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  • May be flat or raised with irregular borders.

  • Examination may show varying colors, including red, white, black, and blue.

  • Should be suspected in any pigmented skin lesion with recent change in appearance.

  • Less than 30% develop from existing moles.


Malignant melanoma, the fifth most common of all cancers in the United States, is the leading cause of death due to skin disease and has doubled in incidence over the past 30 years. In 2021, approximately 106,110 new melanomas were diagnosed in the United States, with approximately 60% in men. In 2021, melanoma caused an estimated 7180 deaths (two-thirds in men). The lifetime risk of melanoma is 2% in White individuals and 0.1–0.5% in non-White persons. One in four cases occurs before age 40. Increased detection of early melanomas has led to increased survival, but fatalities continue to increase, especially in men older than 70 years.

Tumor thickness is the single most important prognostic factor. Ten-year survival rates related to melanoma thickness are less than 1 mm, 95%; 1–2 mm, 80%; and 2–4 mm, 55%. The 5-year survival rate is 62% with lymph node involvement and 16% with distant metastases.


Primary malignant melanomas may be classified into various clinicohistopathologic types, including lentigo melanoma (arising on chronically sun-exposed skin of older individuals); superficial spreading melanoma (two-thirds of all melanomas arising on intermittently sun-exposed skin); nodular melanoma; acral-lentiginous melanomas (arising on palms, soles, and nail beds); ocular melanoma; and melanomas on mucous membranes. Different types of melanoma appear to have distinct oncogenic mutations, which may be important in the treatment of patients with advanced disease. Less than 30% of melanomas develop from existing moles. Clinical features of pigmented lesions suspicious for melanoma are an irregular, notched border where the pigment appears to be spreading into the normal surrounding skin and irregular surface topography (ie, partly raised and partly flat) (Figure 6–5 and eFigure 6–7). Color variegation is present and is an important indication for referral. A useful mnemonic is the ABCDE rule: Asymmetry, Border irregularity, Color variegation, Diameter greater than 6 mm, and Evolution (eFigure 6–8). The history of a changing mole (evolution, including bleeding and ulceration) is the single most important historical reason for close evaluation and possible referral. A mole that appears distinct from the patient’s other moles deserves special scrutiny—the “ugly duckling sign.” A patient with a large number of moles is statistically at increased risk for melanoma and deserves annual total body skin examination by a primary care clinician or dermatologist, particularly if the lesions are atypical in appearance.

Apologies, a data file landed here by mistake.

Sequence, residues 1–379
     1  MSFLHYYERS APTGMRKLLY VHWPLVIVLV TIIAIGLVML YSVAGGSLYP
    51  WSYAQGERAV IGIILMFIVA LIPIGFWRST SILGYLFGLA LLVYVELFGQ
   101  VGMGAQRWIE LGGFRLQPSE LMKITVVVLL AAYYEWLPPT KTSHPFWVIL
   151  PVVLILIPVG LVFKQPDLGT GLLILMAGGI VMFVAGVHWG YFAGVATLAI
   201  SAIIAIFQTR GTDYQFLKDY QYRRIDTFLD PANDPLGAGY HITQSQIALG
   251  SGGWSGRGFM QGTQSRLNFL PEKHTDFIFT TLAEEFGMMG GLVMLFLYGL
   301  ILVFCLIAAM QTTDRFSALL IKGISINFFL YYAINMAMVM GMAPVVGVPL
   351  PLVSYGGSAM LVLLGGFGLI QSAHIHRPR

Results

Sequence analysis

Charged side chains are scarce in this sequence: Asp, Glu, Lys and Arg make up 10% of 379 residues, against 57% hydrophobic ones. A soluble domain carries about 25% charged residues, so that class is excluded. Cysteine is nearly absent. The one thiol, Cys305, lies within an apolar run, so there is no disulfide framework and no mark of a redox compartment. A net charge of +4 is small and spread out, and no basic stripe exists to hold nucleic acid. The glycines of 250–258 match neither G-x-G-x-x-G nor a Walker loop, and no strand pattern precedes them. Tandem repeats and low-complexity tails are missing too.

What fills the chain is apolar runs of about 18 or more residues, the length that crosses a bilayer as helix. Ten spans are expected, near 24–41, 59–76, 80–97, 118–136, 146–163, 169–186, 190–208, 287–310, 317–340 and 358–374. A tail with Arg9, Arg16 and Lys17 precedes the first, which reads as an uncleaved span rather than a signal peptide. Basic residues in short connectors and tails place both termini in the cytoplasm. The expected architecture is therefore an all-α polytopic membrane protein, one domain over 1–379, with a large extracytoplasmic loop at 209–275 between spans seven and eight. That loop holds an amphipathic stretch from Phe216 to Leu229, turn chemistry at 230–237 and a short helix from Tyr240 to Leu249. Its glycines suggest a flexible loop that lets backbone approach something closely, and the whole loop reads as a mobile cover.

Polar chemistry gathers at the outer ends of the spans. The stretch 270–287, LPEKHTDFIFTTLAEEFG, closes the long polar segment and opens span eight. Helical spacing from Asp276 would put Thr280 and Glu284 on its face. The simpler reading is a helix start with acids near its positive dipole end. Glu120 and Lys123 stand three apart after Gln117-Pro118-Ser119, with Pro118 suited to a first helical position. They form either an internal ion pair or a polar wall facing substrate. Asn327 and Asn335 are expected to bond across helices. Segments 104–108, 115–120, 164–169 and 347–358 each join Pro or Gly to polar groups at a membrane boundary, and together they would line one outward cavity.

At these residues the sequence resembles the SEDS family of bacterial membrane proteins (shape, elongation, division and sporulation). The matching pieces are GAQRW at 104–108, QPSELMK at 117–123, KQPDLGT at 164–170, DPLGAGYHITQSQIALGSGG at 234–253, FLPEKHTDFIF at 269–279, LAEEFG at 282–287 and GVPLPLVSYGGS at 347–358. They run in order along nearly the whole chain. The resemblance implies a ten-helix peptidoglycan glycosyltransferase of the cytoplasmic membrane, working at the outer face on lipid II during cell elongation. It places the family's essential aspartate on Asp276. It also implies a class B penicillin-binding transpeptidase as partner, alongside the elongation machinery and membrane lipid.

eFigure 6–7.

Melanoma resembling a seborrheic keratosis on the lateral face of a man. (Reproduced with permission from Richard P. Usatine, MD, in Usatine RP, Smith MA, Mayeaux EJ Jr, Chumley HS. The Color Atlas and Synopsis ...

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